BTW, my honing/polishing of lathe tools might be a little different compared to what I read most people do. Most seem to use the tool directly from the grinder, not even removing the grinder burr. For one thing, those who turn bowls from green wood are happy with less since the wood cuts so easily compared to hard, dry woods. (Love ebony, lignum vitae, gidgee, dogwood, "iron wood", rock maple, etc) Another thing: a grinder burr is quickly knocked off on the lathe. (I disagree with working this way on principle. A clean cut with a polished edge on good wood needs very little sanding.) I like to turn a lot of smaller things with detail, using tools and techniques different than what's used for big bowls.

    acrylic_ornament_green_bell.jpg cedar_and_ebony2_IMG_7528.jpg Threaded_Ebony_Box3_comp_smaller.jpg

    BTW2, I don't really see the point of using CBN on the Tormek if diamond is available. But at high speeds CBN shines compared to diamond.

    JKJ

    Quote Originally Posted by Derek Cohen View Post
    John, do you do any honing after grinding, or is your grinding your final step? I imagine that you can get away with this on lathe chisels after a 1200 grit CBN wheel.

    As a predominantly hand tool user, I have always considered the Tormek as a grinder, and not a sharpener (Tormek view it as a sharpener because of the wheel strop). It is not advisable to end on 1200 grit. I finish on waterstones to 13000 or better. Consequently, when using the Tormek, I would keep the wheel at 220 grit and not re-dress it to 1000. What is the point of 1000 - it just grinds too slowly. 220 is slow as well on the Tormek.

    180 grit CBN at speed works quickly and leaves a better surface than the 220 grit Tormek. Even the 80 grit CBN off the bench grinder is pretty good. All will be honed on waterstones, so smoother is unnecessary.

    Regards from Perth

    Derek

  3. #18
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    In the "For what it's worth" department - this is the advice I received from WoddTurners Wonders on the subject -

    "Our advise is that if you have a means of rough shaping a tool, then buy a fine grit CBN like a 350 or 600. The finish on both will be far superior than you can ever get with a stone wheel. Later, you can augment with the 180 or even an 80 if you need to do a lot of material removal."

    Realizing that "grinding" is not my main objective here (though I did suggest the possibility in my 1st post) - I don't do rough shaping on tools but rather reconditioning edges that need more work than some bench stones can achieve. I do have chisels that get used in the field and get dinged by the odd hidden saboteur. These definitely could use some light grinding - otherwise I am looking to set up for edge maintenance on my edge tools. From the CBN to my bench stones and strop for sharp.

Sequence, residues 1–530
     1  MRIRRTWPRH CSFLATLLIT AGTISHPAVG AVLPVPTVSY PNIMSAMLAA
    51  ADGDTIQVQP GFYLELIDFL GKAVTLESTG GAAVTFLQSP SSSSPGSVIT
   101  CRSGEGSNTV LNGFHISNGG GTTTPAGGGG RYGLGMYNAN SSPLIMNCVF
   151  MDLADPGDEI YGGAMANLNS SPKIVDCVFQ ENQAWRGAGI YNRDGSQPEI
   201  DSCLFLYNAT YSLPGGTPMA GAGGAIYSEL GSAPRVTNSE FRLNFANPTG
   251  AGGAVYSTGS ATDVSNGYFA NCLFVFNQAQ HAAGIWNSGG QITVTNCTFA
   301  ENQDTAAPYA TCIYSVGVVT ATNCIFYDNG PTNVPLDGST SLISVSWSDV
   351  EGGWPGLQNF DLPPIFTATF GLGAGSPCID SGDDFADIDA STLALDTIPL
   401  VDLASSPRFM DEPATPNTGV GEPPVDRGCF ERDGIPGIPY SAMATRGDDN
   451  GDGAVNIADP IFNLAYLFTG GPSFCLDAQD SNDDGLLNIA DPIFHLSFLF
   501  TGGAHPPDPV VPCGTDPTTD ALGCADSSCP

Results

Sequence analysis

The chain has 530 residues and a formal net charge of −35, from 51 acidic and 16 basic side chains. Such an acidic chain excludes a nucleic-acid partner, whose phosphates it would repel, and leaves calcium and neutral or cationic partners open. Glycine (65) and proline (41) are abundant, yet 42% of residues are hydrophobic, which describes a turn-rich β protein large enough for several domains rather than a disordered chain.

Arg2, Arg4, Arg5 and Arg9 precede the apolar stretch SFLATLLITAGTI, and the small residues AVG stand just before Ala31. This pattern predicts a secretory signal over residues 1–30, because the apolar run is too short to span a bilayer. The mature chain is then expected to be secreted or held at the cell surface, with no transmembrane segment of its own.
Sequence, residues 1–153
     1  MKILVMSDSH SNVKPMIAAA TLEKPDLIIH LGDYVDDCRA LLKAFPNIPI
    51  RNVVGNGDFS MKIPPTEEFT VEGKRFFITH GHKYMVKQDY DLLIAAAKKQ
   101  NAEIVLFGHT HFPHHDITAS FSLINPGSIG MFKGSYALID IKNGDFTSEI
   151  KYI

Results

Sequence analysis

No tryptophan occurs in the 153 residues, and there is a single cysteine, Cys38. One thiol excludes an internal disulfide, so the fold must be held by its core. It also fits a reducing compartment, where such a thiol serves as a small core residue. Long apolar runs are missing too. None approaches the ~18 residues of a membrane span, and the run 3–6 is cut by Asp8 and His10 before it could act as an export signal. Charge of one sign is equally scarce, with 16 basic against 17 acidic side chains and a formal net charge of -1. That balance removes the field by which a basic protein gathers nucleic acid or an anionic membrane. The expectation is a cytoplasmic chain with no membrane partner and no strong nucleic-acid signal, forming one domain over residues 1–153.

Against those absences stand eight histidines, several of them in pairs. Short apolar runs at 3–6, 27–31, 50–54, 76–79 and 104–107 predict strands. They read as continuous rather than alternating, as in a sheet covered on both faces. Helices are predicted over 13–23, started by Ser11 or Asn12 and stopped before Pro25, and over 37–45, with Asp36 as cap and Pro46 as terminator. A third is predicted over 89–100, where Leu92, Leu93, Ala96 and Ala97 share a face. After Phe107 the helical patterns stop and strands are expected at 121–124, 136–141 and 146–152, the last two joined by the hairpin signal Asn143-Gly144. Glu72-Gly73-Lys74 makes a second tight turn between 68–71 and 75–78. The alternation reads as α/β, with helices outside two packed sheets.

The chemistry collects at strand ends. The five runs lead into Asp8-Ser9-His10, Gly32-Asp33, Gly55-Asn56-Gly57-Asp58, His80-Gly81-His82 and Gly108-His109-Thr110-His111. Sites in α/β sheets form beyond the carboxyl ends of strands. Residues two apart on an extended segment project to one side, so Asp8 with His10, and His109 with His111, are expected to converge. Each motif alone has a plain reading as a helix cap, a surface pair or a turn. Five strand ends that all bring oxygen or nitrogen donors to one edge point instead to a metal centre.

If I were to buy just one wheel for now (and an 8" - 1/2 speed) - is the consensus that the 180 CBN is fine enough? 350 now with a 180 later, even better? I don't want to bother Ken with swapping out wheels that I regret buying. The price doesn't change with the higher grit so in this regards $$s is not a consideration - simply achieving the best results.

    Thanks again.

    Sam
    "... for when we become in heart completely poor, we at once are the treasurers & disbursers of enormous riches."
    WQJudge

  4. #19
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    Sam, John is discussing the CBN wheels he uses a turner, not as a flat woodworker. While his information is interesting and valuable, it serves to confuse the issues for a newby to CBN, such as yourself. If you are aiming for a single wheel, get the 180 grit. I use it 90% of the time, with a 80 grit the other 10%. At some stage I will get another grinder and add a 350 grit, but this will be for lathe chisels only. Most turners work from the grinder. Bench chisels and planes blades are finished on stones.

    Regards from Perth

    Derek

  5. #20
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    Quote Originally Posted by Derek Cohen View Post
    Sam, John is discussing the CBN wheels he uses a turner, not as a flat woodworker. While his information is interesting and valuable, it serves to confuse the issues for a newby to CBN, such as yourself. If you are aiming for a single wheel, get the 180 grit. I use it 90% of the time, with a 80 grit the other 10%. At some stage I will get another grinder and add a 350 grit, but this will be for lathe chisels only. Most turners work from the grinder. Bench chisels and planes blades are finished on stones.

    Regards from Perth

    Derek
    Thanks Derek - I admit to getting a bit of a burr on the matter.

    Sam
    "... for when we become in heart completely poor, we at once are the treasurers & disbursers of enormous riches."
    WQJudge